Given that HA is an easily thermodegradable molecule, completely degraded between 400 to 600°C [31,32], its adsorption leads to a small increase in the thermal stability of modified Jordanian kaolinite clay.

Scanning electron microscope (SEM): SEM results observe that the surface topography of un-MKC consists of pseudohexagonal crystals. These crystals are typically thin and flexible plates. Distributed pores and a plate-like structure with high crystallinity and a high degree of ordering are also noticed, while the MKC shows that aggregation of HA particles occurs mainly as elongated layers and bundles of fibers, forming a relatively open structure. On the other hand, these fibers tend to mesh into a network to yield a sponge-like sheet with homogeneous grain distribution [28].

The adsorption efficiency of humic substances is related to the pore size of the adsorbent. According to literature reports, a 50-200 µm pore size of adsorbent is suitable for the adsorption of humic substances [33]. The pore size of the kaolinite clay, used in this study by a Mercury Porosimetry Analyzer, was determined to be between 4.3 to 224.2 µm and it was effective as an adsorbent for the adsorption of the humic substances.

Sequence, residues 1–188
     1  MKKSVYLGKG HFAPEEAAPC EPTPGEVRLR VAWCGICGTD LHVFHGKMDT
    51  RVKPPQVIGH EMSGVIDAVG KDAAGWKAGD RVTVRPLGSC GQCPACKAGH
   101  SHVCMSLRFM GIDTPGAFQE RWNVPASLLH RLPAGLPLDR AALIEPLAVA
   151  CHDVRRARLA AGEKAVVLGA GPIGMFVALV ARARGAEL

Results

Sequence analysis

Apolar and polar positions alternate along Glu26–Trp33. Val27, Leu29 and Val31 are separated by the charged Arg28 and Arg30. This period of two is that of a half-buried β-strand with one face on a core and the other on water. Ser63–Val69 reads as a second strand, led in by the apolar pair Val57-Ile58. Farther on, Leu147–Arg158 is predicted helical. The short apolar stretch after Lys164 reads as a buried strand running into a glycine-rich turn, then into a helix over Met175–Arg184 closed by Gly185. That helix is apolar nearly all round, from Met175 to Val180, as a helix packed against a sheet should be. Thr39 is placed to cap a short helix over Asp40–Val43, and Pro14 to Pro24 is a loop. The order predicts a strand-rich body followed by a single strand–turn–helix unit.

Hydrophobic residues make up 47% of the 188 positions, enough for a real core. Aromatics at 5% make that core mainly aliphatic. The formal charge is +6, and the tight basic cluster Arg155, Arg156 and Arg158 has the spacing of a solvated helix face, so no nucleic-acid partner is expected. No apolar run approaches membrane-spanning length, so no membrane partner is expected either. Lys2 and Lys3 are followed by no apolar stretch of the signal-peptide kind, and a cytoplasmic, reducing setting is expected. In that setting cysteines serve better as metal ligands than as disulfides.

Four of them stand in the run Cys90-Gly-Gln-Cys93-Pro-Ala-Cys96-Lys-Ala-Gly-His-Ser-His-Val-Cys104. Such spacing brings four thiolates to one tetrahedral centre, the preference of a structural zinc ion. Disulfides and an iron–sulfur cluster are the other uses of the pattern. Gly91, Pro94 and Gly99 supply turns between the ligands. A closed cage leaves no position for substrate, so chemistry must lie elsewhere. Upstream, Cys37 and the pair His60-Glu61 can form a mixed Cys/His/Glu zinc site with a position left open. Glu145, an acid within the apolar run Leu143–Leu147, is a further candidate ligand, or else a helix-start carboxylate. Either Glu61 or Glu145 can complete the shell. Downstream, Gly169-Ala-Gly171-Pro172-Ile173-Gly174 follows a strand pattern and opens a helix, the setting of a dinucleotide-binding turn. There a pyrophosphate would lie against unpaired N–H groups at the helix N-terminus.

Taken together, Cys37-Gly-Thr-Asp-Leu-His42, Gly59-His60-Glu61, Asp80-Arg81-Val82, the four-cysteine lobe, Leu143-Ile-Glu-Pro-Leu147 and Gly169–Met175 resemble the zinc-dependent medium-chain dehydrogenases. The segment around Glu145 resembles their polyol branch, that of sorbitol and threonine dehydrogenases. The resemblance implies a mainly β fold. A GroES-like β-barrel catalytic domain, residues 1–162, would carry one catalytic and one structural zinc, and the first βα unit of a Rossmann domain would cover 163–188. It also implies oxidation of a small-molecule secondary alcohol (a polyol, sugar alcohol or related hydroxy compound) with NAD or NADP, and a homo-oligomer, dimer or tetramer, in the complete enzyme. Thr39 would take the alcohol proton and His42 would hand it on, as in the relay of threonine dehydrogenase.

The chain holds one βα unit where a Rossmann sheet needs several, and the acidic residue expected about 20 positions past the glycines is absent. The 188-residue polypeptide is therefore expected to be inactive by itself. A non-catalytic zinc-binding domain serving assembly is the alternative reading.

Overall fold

Energy dispersive X-ray spectroscopy (EDS) of un-MKC and MKC: There is a clear difference between the EDS analysis of un-MKC and the others modified by HAs, for example, the appearance of new elements C and N due to the HA, which resulted in a decrease in the percentage of O and Al. The exact composition of HA varies from one source to another. The percentage of oxygen in KTD-K is less than FHA-K, while the percentage of nitrogen is higher, which may be due to degradation of dead organic matter in the dam [28].

Surface area and porosity of un-MKC and MKC:

Gas adsorption isotherms: The surface area was measured by gas adsorption, according to the Langmuir surface area method. N2 gas can only capture or fill the micro and meso pores. According to Table 1, the un-MKC has a large number of pores in the range of micro and meso size and also ‘small size pores’. There is a very important reason for the modification of kaolinite clay by HA. The MKC has a smaller number of pores with a small diameter range, due to HA adsorption.

Mercury porosimetry: Mercury Porosimetry [34] is suitable for the meso and macro pore range and it is used for large pore diameter analysis. Table 1 summarizes the measured total porosity of the clays using this analyzer instrument.

To summarize briefly these findings:  The surface area is the highest for un-MKC and the initial increase of the HA content leads to a rather rapid decrease of the surface area of the modified kaolinite samples. However, a further increase of the HA content drastically reduces the amount of adsorbed N2 gas. Therefore, with an increase of concentration, the distribution of organic particles on the kaolinite surface changes. At the first stage ‘new’ parts of the kaolinite surface are covered, but then the HA builds a ‘thicker’ structure and this is deposited on parts of the surface already covered.